Because the local papers and TV news had treated me like a whipping boy, I had all but written off the ability for the media to report on this accident correctly. But for the first time since the international firestorm began, a national publication printed something that did more than just repeat the lies that the DA, the police, and the media spin doctors had been promulgating for nearly a year now.
Forbes magazine featured an in-depth article written by Kashmir Hill, a well-known technology and privacy blogger, about how we turned the tables on the DA. The article said that Ted pointed out “in a small, barely visible corner of the video, a traffic light.”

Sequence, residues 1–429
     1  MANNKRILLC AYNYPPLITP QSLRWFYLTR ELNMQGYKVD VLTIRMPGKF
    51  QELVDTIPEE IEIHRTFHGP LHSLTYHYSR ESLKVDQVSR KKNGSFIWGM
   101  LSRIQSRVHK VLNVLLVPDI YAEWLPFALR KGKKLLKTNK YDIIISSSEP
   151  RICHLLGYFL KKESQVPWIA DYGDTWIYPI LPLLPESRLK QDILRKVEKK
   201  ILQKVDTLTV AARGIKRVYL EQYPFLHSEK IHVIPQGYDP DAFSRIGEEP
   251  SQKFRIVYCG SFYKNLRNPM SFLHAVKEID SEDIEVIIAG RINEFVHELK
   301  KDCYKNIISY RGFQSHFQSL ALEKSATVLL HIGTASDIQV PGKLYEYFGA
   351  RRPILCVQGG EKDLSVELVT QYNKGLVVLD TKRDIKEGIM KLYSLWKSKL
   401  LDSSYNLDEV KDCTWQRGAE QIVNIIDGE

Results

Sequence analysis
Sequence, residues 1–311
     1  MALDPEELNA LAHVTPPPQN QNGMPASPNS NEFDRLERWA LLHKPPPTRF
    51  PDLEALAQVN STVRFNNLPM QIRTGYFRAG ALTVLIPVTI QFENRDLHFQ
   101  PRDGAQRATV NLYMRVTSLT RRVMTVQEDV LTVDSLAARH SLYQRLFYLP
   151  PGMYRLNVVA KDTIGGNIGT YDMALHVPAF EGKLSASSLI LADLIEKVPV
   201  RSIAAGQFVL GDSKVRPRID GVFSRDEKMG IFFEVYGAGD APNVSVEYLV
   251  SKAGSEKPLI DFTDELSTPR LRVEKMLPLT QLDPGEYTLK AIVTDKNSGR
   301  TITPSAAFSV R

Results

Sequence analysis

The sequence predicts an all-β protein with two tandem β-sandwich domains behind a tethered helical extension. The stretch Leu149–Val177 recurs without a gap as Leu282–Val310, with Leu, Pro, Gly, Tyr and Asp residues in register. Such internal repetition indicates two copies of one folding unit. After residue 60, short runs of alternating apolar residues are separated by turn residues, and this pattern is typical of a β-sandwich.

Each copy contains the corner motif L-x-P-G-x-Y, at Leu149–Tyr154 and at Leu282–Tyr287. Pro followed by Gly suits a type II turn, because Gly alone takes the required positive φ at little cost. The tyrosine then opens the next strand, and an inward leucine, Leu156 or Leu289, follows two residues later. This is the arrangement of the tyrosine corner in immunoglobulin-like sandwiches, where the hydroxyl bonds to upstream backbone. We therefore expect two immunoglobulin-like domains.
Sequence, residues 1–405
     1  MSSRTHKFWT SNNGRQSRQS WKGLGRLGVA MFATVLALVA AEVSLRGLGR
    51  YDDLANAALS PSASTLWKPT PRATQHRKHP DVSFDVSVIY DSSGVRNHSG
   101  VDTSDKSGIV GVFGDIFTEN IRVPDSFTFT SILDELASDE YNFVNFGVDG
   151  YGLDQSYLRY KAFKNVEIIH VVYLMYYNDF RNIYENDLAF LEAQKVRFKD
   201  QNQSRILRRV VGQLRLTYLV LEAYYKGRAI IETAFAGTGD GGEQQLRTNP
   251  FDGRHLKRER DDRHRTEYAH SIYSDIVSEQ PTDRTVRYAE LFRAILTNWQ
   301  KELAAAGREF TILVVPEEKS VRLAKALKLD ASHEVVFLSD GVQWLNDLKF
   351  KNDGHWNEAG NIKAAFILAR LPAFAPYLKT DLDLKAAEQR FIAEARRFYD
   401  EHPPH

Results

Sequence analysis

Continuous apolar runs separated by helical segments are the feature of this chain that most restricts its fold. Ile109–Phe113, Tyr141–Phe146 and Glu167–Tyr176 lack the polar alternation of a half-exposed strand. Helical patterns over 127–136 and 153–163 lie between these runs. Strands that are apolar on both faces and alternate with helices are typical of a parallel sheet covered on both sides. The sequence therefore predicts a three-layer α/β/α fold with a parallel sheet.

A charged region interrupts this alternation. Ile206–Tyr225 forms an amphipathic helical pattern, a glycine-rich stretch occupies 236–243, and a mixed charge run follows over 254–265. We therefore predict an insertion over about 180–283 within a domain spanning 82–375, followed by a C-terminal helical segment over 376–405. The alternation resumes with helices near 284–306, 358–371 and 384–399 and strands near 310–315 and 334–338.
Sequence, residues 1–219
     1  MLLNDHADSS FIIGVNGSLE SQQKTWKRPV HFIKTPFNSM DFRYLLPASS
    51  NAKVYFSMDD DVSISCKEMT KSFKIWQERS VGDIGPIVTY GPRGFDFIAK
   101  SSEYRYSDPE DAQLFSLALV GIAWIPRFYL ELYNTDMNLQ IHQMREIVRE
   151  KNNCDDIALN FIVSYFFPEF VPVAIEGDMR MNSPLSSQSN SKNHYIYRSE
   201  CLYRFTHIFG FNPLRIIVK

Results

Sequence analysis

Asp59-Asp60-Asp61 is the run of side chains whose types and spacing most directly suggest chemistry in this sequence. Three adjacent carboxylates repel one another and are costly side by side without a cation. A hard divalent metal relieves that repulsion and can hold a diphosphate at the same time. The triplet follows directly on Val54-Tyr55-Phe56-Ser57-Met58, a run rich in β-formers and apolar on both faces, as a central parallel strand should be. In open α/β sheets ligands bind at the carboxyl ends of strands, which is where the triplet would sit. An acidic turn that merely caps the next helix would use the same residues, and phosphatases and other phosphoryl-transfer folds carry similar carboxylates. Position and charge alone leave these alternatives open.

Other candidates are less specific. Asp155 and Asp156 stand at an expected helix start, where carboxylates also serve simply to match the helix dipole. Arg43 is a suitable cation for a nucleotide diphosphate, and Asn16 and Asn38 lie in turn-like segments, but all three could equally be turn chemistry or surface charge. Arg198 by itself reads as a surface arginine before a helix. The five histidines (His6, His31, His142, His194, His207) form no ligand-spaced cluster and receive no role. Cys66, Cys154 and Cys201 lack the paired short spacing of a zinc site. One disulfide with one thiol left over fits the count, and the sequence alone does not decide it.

“The expert,” the article continued, “to whom the state had paid $200 an hour to analyze the video, hadn’t previously spotted it. The video now seemed to tell a different story. It looks like Bucchere entered the intersection just as the light turned red. Many pedestrians, including the first witness [Wen-chih Yu], were already in the crosswalk despite the 3.5 second “all red.” Three seconds after entering the intersection, Bucchere hit [Sutchi Hui]. He might have been able to swerve left to avoid him, but the first witness [Wen-chih Yu]—who clearly entered the crosswalk very early—left that path blocked.”
Finally, somebody in the media is paying attention.